FINDING new perspectives is key to tackling the pandemic head-on, according to a local business owner.
Wokingham resident Melissa Chartan launched her own company, Planted Skincare, four years ago.
After revolutionising her own skincare routine, she wanted to bring natural products to the people – but she said the pandemic has not made things easy.
Her cruelty-free brand sells a range of nutrient-dense products including face cream and body butter, and relies on local suppliers and ethical sourcing wherever possible.
“I used to have skin problems and began looking into different ingredients including plant oils,” Ms Chartan said.
“Over the years, I began to get interested in what other ingredients could be of benefit, and I saw such an improvement in my own skin that I started handing out samples to friends.”
She said it eventually made sense to launch her own business and make her passion a vocation. Now, Planted Skincare currently carries four products, all made from bioavailable, natural ingredients.
But Ms Chartan said it’s not been easy leading a business throughout the pandemic, both literally and mentally.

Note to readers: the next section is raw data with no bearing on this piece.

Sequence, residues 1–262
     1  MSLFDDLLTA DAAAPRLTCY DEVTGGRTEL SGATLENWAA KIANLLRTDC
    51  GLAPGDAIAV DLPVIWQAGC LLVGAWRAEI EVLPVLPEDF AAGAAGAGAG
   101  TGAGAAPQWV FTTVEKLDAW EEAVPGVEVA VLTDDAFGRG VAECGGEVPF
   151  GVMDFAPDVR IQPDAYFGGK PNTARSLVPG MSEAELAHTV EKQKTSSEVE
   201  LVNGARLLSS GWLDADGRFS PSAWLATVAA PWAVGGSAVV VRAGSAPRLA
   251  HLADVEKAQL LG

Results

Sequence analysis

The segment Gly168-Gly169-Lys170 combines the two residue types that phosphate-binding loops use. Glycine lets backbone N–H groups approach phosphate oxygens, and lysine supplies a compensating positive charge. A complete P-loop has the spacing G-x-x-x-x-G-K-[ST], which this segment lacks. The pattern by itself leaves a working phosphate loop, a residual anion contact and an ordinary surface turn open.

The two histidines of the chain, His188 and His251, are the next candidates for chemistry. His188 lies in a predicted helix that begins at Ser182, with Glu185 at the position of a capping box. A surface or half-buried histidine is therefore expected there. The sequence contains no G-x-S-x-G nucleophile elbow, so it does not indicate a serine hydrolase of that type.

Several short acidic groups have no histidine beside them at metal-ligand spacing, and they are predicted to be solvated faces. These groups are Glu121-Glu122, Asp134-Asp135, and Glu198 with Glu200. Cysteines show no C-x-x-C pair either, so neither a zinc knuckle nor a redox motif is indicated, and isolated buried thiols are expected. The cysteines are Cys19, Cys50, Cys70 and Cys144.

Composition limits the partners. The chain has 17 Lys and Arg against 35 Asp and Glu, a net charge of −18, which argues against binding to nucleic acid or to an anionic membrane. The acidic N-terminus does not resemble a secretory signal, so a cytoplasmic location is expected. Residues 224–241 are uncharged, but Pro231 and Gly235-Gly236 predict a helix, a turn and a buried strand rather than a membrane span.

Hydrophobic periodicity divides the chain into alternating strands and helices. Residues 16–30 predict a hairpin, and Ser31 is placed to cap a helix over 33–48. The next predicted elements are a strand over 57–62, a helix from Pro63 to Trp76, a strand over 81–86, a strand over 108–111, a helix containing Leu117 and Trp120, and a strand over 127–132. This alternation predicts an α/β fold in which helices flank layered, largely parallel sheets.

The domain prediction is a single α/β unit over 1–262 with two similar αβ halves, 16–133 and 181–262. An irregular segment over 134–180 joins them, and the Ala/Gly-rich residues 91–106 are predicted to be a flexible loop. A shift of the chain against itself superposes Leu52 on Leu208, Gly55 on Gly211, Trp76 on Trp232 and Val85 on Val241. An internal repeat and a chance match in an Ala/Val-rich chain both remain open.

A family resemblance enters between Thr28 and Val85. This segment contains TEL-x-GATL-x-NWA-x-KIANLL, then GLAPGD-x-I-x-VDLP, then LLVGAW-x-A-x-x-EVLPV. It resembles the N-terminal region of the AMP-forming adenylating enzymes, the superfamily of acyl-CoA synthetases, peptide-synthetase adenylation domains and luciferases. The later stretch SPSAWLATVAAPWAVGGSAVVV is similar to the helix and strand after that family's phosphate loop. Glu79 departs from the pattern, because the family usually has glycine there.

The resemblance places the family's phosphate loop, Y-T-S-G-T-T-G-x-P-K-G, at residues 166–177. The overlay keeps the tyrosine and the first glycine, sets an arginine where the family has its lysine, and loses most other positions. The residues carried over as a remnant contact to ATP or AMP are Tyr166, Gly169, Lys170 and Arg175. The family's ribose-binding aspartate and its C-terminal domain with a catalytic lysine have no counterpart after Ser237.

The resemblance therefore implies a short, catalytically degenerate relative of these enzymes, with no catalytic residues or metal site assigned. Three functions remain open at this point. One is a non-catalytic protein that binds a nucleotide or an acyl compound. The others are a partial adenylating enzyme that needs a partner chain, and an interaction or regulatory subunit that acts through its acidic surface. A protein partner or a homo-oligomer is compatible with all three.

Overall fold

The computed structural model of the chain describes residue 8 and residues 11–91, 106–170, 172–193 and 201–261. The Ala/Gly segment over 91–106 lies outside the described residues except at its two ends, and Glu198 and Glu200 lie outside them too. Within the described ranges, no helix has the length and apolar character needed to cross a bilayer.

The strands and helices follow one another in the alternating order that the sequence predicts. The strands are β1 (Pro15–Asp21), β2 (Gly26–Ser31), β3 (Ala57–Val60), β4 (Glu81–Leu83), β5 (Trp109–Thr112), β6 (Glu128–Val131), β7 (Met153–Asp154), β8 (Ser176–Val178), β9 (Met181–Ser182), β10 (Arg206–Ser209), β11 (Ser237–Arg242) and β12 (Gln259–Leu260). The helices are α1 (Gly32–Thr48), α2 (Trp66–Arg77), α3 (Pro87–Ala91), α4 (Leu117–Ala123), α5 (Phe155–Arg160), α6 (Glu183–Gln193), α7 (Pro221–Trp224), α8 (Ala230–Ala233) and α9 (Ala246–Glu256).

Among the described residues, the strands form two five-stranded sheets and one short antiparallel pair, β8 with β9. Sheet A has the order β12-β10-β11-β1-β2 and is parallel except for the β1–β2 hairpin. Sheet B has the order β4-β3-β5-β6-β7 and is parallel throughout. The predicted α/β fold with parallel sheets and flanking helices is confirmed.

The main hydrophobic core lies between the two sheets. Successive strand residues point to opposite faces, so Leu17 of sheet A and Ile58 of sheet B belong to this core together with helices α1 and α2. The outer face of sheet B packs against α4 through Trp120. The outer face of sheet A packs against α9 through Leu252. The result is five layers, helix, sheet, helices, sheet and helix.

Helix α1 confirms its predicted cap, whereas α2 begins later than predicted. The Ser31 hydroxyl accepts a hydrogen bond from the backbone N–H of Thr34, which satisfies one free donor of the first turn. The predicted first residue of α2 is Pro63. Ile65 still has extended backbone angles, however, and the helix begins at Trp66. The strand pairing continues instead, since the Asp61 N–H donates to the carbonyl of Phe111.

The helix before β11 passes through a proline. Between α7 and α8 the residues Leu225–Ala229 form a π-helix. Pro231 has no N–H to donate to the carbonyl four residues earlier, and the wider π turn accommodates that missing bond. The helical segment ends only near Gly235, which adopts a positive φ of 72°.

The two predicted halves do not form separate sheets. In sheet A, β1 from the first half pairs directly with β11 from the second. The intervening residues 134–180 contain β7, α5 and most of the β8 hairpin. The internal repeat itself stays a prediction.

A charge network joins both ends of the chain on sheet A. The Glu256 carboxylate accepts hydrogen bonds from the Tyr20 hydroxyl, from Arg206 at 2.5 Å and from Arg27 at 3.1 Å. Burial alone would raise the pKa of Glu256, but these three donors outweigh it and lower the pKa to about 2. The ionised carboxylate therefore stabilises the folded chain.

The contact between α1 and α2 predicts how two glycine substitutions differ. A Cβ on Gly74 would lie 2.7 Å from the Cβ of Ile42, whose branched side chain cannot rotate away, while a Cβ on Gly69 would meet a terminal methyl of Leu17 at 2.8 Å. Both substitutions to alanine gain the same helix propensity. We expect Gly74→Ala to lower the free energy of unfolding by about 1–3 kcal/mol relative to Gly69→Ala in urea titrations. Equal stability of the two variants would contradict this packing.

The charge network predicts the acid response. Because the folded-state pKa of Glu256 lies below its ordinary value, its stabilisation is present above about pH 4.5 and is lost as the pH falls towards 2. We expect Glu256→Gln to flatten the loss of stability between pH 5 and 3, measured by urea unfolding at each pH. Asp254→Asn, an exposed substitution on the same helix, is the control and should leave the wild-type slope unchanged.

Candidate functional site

Pre-coronavirus, Planted Skincare attended a lot of pop-up events, selling its wares at monthly markets and festivals.
“Instead, I’ve been getting lots
of headaches with post getting lost and delayed,” the business owner
“Luckily a lot of my business is online, so everything has been fairly similar to normal, but of course life is still so different.
“I took a big financial hit over Christmas when I should have been doing non-stop events.”
Ms Chartan said while it was easy adapting her company to the pandemic because she already did the majority of her selling online, she struggled when it came to changing her mindset.
“I found it really difficult to deal with the pandemic emotionally,” she explained.
“Normally, when I’m sad about something, I give myself some time off but because of the first lockdown, I already had too much time off.
“I found I was struggling to sit in front of my computer and focus at first, so most of my adapting was learning how to maintain motivation with work when I’m not in the right headspace for it.”
While the first lockdown posed a big challenge for her mentally, Ms Chartan said her loyal customers provided much-needed support.
“On social media, I was getting lovely responses from people, particularly customers who wanted to show support during what was a really difficult time,” she said.
“It really did make a difference and made me value the community we’ve built.”
She said reminding herself of how far the business has come gave her a huge sense of fulfilment and happiness, and the pandemic has taught her to welcome new challenges.
Now, Ms Chartain is advising anybody else who feels like they’re struggling to look for new perspectives.
“I’m happiest when I’m seeing things grow, and when I neglected my business it just made me feel worse,” she said.
“Finding new perspectives can help you get into that flow state.”